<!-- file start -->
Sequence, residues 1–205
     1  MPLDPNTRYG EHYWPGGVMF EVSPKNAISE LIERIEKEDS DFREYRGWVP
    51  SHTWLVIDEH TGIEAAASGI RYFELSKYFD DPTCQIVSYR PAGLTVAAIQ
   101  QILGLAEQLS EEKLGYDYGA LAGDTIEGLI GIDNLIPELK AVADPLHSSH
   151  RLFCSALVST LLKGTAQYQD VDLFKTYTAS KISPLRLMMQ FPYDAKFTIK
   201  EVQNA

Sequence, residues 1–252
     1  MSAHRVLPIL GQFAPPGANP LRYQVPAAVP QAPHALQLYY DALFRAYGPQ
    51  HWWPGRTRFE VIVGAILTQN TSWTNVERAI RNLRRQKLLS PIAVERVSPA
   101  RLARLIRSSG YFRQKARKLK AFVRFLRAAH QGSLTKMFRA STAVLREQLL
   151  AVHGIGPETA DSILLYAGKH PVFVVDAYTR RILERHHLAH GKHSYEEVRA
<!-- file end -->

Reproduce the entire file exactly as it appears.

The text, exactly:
Sequence, residues 1–205
     1  MPLDPNTRYG EHYWPGGVMF EVSPKNAISE LIERIEKEDS DFREYRGWVP
    51  SHTWLVIDEH TGIEAAASGI RYFELSKYFD DPTCQIVSYR PAGLTVAAIQ
   101  QILGLAEQLS EEKLGYDYGA LAGDTIEGLI GIDNLIPELK AVADPLHSSH
   151  RLFCSALVST LLKGTAQYQD VDLFKTYTAS KISPLRLMMQ FPYDAKFTIK
   201  EVQNA

Sequence, residues 1–252
     1  MSAHRVLPIL GQFAPPGANP LRYQVPAAVP QAPHALQLYY DALFRAYGPQ
    51  HWWPGRTRFE VIVGAILTQN TSWTNVERAI RNLRRQKLLS PIAVERVSPA
   101  RLARLIRSSG YFRQKARKLK AFVRFLRAAH QGSLTKMFRA STAVLREQLL
   151  AVHGIGPETA DSILLYAGKH PVFVVDAYTR RILERHHLAH GKHSYEEVRA